The Amazon Echo was first revealed in November, but it went on sale on June 23, according to a release. The cylindrical device listens throughout a room, waiting for you to say its name, “Alexa,” and ask it a question or give a command. Interest in the product spiked with the announcement that it was now on sale, according to Google Trends, alongside a slew of reviews of the device in the tech press. It’s even driving sales in short ebooks.
More quietly, Amazon let developers know that it wanted to encourage them to extend its functionality, by releasing the Alexa Skills Kit. It backed the kit up with a $100 million Alexa Fund to invest in startups that could extend the technology’s functions, including an investment in a small Brooklyn toys startup, Toymail, as well as six other companies.
CEO Gauri Nanda told the Observer in a phone call, “It was pretty significant, and it was one of the largest investment of the companies.” She declined to disclose the amount committed.
Toymail makes a device that allows small children to send and receive messages to loved ones using the Toymail app. Parents have control, through their mobile app, of which users (grandparents, aunts and uncles, nannies) can contact their children. The toys have a very simple user interface, so it is easy for kids to listen to messages and return them.
“Our work is technology, but really it’s about keeping kids connected to other people,” Ms. Nanda said. “Our mission is to keep children away from screens, and not necessarily put them in front of another device, creating opportunities for physical organic play.”
Only 2.5% of children under the age of 10 have cell phones, according to Ms. Nanda, who wants to give those 400 million children a safe way to reach those close to them.
While the company works to keep things as simple as possible, it has interesting features, such as voice filters. The company has five versions of the toy and each has the option of voice filters, so that the pig toy, Snort, can make its voice pig-like, for example. Messages can be sent or received either as they were recorded or with a filter added, to make it sound like the toy itself is the one that sent the message. “It really makes the messages super funny,” Ms. Nanda said.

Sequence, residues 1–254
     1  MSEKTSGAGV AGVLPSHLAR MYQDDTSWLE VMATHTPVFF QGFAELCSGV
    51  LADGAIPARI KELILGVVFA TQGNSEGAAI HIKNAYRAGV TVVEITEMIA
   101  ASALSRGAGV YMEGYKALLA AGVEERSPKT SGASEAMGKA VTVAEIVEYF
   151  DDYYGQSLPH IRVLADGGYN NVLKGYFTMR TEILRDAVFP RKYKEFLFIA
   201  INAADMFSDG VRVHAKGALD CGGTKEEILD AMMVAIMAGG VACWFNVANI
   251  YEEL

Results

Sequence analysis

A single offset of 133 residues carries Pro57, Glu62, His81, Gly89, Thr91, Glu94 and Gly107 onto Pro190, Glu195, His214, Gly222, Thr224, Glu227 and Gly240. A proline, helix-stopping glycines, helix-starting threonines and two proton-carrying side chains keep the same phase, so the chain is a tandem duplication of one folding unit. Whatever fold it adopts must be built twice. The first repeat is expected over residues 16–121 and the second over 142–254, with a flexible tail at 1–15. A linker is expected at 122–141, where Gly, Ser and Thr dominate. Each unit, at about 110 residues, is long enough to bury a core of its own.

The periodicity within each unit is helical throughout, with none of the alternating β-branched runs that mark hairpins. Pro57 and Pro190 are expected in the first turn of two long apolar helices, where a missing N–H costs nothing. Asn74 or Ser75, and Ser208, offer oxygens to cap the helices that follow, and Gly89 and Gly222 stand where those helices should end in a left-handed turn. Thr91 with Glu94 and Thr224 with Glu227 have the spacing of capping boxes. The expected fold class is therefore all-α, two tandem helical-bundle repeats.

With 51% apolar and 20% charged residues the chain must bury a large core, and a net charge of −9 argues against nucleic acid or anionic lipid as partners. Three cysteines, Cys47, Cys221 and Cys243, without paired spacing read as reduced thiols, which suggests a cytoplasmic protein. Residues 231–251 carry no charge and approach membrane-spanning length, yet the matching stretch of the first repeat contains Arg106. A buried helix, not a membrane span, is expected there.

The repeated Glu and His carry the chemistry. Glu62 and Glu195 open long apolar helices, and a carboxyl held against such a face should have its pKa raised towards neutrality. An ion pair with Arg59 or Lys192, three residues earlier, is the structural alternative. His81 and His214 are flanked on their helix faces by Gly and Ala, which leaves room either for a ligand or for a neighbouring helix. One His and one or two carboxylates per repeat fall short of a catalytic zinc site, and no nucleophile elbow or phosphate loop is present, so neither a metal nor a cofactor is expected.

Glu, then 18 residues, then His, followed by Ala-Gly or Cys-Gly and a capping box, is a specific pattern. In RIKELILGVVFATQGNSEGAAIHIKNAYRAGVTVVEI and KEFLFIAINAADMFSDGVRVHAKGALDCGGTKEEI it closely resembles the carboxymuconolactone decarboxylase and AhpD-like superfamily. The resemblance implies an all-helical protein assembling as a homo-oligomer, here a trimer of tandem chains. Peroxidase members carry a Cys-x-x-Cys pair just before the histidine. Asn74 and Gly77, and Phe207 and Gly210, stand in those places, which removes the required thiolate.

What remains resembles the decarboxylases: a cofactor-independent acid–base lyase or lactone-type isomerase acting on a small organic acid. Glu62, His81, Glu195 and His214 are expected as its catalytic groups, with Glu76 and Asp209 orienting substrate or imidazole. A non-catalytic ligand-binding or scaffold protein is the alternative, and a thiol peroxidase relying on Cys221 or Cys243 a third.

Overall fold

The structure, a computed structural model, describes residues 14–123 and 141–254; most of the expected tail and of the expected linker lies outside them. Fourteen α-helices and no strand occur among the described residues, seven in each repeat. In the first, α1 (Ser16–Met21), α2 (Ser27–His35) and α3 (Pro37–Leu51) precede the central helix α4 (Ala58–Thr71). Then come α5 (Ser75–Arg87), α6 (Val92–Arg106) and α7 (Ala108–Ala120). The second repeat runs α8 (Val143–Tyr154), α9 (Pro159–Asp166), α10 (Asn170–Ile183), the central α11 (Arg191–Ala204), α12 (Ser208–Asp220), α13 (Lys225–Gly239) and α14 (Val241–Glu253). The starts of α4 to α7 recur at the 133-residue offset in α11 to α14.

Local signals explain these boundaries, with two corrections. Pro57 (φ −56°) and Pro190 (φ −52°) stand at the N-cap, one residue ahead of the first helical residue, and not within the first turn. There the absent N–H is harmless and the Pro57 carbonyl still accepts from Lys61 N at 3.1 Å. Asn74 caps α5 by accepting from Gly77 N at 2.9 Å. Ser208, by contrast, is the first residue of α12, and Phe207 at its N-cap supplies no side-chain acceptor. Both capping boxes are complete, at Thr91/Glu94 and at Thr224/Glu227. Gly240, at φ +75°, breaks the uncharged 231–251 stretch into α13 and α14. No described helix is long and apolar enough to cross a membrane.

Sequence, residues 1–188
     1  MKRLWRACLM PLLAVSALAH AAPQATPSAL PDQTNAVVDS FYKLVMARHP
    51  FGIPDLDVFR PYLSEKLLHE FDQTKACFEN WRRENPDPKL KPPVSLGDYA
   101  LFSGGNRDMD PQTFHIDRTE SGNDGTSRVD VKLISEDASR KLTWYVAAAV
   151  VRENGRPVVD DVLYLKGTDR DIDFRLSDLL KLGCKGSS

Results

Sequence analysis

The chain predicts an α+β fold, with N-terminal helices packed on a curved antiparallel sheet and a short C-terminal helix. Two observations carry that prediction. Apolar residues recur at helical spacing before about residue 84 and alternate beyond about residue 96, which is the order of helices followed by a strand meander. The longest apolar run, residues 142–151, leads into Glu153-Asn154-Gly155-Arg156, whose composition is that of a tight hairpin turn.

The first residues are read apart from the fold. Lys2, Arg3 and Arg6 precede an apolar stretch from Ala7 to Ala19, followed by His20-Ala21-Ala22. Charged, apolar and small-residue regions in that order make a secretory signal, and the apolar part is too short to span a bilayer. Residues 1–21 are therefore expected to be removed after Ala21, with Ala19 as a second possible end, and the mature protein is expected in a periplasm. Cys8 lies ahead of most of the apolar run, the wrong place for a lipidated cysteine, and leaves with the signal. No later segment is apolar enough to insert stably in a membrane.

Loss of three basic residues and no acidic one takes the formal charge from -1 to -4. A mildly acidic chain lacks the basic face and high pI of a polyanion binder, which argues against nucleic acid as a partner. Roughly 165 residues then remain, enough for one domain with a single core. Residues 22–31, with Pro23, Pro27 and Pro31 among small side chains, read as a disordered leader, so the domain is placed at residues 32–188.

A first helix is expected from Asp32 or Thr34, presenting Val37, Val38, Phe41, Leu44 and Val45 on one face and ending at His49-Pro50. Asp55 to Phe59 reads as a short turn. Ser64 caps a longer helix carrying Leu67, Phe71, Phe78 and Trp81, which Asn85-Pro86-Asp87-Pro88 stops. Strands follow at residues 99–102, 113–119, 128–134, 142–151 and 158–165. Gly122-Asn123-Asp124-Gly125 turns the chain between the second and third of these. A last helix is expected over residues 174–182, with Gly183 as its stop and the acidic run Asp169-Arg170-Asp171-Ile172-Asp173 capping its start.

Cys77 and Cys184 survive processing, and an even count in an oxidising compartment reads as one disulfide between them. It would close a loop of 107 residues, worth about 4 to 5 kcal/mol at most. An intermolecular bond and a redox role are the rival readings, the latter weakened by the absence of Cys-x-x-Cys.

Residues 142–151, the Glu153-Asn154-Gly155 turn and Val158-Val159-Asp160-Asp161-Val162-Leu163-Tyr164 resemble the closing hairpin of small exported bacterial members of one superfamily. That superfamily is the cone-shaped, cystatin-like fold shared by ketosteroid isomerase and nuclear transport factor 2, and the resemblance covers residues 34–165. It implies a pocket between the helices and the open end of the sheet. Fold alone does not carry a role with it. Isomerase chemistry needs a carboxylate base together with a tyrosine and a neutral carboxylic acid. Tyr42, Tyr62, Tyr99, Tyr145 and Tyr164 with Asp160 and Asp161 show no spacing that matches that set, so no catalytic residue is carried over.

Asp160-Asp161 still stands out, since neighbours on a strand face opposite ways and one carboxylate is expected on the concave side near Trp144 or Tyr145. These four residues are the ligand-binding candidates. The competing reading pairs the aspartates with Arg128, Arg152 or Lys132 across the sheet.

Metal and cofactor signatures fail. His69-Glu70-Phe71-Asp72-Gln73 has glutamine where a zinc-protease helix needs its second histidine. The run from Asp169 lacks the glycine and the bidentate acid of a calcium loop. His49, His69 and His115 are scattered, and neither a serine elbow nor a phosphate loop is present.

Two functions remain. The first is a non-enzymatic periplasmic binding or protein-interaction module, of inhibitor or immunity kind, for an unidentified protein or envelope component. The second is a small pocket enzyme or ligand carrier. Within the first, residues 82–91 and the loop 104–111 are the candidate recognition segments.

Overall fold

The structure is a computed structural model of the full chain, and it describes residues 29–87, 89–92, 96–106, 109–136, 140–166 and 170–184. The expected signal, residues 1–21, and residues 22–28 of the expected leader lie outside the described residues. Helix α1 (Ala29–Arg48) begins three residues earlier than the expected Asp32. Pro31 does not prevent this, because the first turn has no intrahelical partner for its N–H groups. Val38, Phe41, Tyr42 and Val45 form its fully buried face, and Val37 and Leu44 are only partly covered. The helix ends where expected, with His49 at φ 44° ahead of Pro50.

As part of the Alexa Fund, Ms. Nanda hopes to develop new use cases. For example, kids might be able to ask their Toymail to read a bedtime story from a book their parents have purchased. Kids might also be able to share songs or other sounds with their friends who also have Toymail units.
Since launching her company, Ms. Nanda says she’s realized that the company’s technology has an opportunity as a platform for helping other toy companies connect, as well as making more of their own toys. As more and more products become connected, the toy industry, she told us, is learning that it needs help connecting their own products. She said, “We consider ourselves a tech company and the major toy players really are not that.”
“Connected products have not been very successful to date because they have been so technically difficult,” she said. One pain point that everyone is still working through: connecting devices to wi-fi or other networks when they don’t have keyboards and screens built in.
Toymail launched with a Kickstarter that raised $83,000 in 2013. Ms. Nanda cofounded the company with Aubry Hill. She said the company will have a few new devices coming out later this year, though she declined to discuss new functions. She did say, however, that there will be some kind of plush version.
This is Ms. Nanda’s second company. Previously, she launched Nanda Home, the makers of Clocky, the alarm clock that runs away.
We recently covered the ILY, another device that eases the sending and receiving of messages, for children and older adults.